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RE: Particles (was Re: Propensities and MWI)

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  • Charles Goodwin
    ... couch to ... my eye, ... least as ... My take on this is that there are no actual particles involved. There is, instead, an event where the wave triggers a
    Message 1 of 306 , Jul 31, 2009
      Worried William wrote:

      > According to MWI (wave form), while the light is travelling from the
      couch to
      > my eye, it is in the form of non-particulate waves. But when it hits
      my eye,
      > (or other detector), it does so in the form of particles, or at
      least as
      > quantised whatever-they-are. So ARE these quantum whatevers already
      > "inside" the wave, just before reaching my eye, or are they NOT?

      My take on this is that there are no actual particles involved. There is,
      instead, an event where the wave triggers a particular detector, e.g. it
      excites a specific atom. The detector is localised, so it seems intuitively
      that something small has impinged on it - we get a dot on a photographic
      plate, or something that looks as though it was created by something small
      and "particulate". But (according to the MWI, and assuming my view has any
      truth in it) this is effectively an illusion, because the wave actually
      interacts with *all* the atoms on the photographic plate, but the branches
      of the multiverse in which these other events occur aren't visible to us.

      So a "particle" is a sort of representation of the fact that we can't see
      more than one slice of the multiverse.

      (Perhaps... :-)

      Charles
    • Maurice Guernier
      ... Yes, but they both get one vote each. ... Agreed. I don t believe any form of democracy, direct or representative, is a silver bullet for protecting
      Message 306 of 306 , Nov 22, 2009
        --- In Fabric-of-Reality@yahoogroups.com, Elliot Temple <curi@...> wrote:
        >
        >
        > On Sep 16, 2009, at 12:50 AM, inntranz wrote:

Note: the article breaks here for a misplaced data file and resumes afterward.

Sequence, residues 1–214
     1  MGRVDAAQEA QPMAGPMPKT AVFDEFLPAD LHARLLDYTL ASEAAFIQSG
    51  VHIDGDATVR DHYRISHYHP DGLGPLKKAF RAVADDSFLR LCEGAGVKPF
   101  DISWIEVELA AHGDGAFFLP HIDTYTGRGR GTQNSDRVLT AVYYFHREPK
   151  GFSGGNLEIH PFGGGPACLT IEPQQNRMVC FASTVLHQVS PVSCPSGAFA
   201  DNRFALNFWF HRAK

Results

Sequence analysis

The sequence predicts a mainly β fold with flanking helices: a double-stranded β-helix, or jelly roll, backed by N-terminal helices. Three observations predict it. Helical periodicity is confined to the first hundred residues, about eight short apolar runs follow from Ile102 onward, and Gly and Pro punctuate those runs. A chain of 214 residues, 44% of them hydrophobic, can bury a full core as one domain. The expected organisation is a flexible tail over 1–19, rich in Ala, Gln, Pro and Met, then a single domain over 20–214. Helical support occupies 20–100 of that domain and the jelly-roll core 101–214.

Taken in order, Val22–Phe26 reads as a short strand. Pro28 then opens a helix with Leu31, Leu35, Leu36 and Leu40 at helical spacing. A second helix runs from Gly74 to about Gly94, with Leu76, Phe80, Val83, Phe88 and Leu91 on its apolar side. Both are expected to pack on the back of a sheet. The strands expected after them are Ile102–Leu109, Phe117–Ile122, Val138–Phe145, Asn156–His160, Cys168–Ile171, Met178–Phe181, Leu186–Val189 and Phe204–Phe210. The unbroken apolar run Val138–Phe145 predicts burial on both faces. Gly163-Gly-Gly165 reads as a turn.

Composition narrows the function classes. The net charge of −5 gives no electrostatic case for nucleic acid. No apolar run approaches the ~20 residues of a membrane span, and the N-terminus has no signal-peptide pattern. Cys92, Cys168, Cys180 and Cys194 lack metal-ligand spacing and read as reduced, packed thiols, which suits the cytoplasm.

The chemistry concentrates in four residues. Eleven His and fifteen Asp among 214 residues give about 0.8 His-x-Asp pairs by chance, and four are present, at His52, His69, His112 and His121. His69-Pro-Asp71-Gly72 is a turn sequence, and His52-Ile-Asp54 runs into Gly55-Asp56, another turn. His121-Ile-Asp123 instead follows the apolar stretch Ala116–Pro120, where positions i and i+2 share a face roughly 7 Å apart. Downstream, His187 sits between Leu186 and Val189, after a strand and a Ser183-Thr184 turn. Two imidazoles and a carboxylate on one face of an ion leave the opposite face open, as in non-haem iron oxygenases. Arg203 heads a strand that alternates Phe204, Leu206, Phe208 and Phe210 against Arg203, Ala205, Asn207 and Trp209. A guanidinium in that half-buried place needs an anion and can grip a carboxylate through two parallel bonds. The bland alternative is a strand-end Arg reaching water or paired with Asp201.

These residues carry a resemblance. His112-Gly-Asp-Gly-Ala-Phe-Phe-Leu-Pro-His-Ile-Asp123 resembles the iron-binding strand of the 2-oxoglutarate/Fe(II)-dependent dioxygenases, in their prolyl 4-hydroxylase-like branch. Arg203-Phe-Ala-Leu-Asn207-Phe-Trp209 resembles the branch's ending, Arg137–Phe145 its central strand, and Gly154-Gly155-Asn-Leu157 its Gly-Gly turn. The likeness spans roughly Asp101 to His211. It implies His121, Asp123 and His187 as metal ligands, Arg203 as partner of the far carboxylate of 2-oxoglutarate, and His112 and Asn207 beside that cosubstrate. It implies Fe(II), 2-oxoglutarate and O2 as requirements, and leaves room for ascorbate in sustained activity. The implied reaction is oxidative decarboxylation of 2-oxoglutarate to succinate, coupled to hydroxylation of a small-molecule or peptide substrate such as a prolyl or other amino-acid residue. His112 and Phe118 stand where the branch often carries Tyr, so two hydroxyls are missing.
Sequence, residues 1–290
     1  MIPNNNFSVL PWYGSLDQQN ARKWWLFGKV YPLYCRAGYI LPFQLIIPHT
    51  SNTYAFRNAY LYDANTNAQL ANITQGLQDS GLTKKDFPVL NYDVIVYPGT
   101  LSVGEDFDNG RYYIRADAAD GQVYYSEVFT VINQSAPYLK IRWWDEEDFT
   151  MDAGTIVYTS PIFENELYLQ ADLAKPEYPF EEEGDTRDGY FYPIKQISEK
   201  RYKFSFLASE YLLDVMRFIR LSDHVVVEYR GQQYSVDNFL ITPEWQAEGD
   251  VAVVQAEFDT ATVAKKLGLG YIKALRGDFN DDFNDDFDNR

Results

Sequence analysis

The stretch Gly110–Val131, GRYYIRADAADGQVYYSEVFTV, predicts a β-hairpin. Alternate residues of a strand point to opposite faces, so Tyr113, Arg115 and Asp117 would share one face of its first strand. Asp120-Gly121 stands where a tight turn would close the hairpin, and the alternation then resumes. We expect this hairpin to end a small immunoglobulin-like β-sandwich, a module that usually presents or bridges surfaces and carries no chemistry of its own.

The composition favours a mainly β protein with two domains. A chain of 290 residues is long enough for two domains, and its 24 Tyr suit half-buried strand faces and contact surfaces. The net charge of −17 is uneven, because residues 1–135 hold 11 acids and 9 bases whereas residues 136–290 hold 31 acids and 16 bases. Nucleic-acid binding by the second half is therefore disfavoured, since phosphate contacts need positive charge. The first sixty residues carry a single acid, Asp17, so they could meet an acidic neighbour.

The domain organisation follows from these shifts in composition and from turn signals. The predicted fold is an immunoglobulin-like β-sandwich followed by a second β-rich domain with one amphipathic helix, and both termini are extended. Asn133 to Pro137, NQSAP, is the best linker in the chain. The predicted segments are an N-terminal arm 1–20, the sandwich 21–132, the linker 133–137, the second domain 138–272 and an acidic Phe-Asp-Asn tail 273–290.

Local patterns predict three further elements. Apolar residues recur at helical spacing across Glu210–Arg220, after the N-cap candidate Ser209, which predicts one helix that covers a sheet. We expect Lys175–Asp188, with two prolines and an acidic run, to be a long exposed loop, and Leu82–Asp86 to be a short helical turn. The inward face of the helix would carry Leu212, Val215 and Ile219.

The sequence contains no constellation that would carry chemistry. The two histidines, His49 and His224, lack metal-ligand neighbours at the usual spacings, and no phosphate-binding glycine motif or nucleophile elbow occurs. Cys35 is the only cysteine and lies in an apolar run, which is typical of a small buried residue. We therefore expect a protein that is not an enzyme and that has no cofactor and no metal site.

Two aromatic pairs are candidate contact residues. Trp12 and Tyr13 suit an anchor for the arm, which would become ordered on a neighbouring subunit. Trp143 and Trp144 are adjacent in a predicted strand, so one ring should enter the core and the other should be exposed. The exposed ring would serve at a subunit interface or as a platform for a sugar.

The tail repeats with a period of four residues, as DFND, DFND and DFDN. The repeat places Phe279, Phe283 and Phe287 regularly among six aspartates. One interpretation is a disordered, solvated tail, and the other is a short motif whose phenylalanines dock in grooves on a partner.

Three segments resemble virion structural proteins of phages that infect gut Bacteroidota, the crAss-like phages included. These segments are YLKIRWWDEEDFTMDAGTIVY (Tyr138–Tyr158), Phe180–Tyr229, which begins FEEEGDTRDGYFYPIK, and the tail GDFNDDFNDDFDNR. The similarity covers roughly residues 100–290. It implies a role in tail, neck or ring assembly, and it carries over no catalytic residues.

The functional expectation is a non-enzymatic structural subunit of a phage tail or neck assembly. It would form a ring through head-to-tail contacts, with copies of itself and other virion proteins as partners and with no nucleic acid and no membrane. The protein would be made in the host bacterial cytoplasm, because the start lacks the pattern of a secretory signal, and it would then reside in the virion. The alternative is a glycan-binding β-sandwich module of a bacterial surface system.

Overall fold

>
        > > Apathy is the enemy of direct democracy, but IMHO apathy gets more criticism than it deserves. Life is short and one man's apathy is another man's well balanced set of priorities.
        >
        >
        > The situation is better than that.
        >
        > These two men who see it differently don't have equally relevant perspectives.

        Yes, but they both get one vote each.

        >
        > What matters is the man whose life it is, not the man with intrusive preferences about other people.
        >
        > Opposing the apathy of *other people*, in any strong or forceful way, is opposing freedom.

        Agreed.
        I don't believe any form of democracy, direct or representative, is a silver bullet for protecting freedom. On the other hand, the freedom to be apathetic seems one of the least likely to come under threat.

        Like Charles and Bill, I live in New Zealand where the issue of direct democracy has suddenly become topical. In fact, this very weekend it literally had people marching in the streets.
        (http://www.nzherald.co.nz/nz/news/article.cfm?c_id=1&objectid=10610869)

        A decade or so ago the government introduced a system of "non-binding citizen-initiated referenda". Topics covered over the years have included employment conditions for firemen, the number of MPs in parliament, harsher penalties for crime, and whether parents should be allowed to physically punish their children.
        As far as I recall, the government has ignored the result of every referendum so far.

        That it has taken us over a decade to take to the streets over this shows that apathy is a subject on which we are qualified to speak.

        >
        > Note: this applies to one's children.

        The issue that finally got people protesting was that the right to hit their kids had been taken away from them. What to make of that, I'm not so sure.

        Maurice
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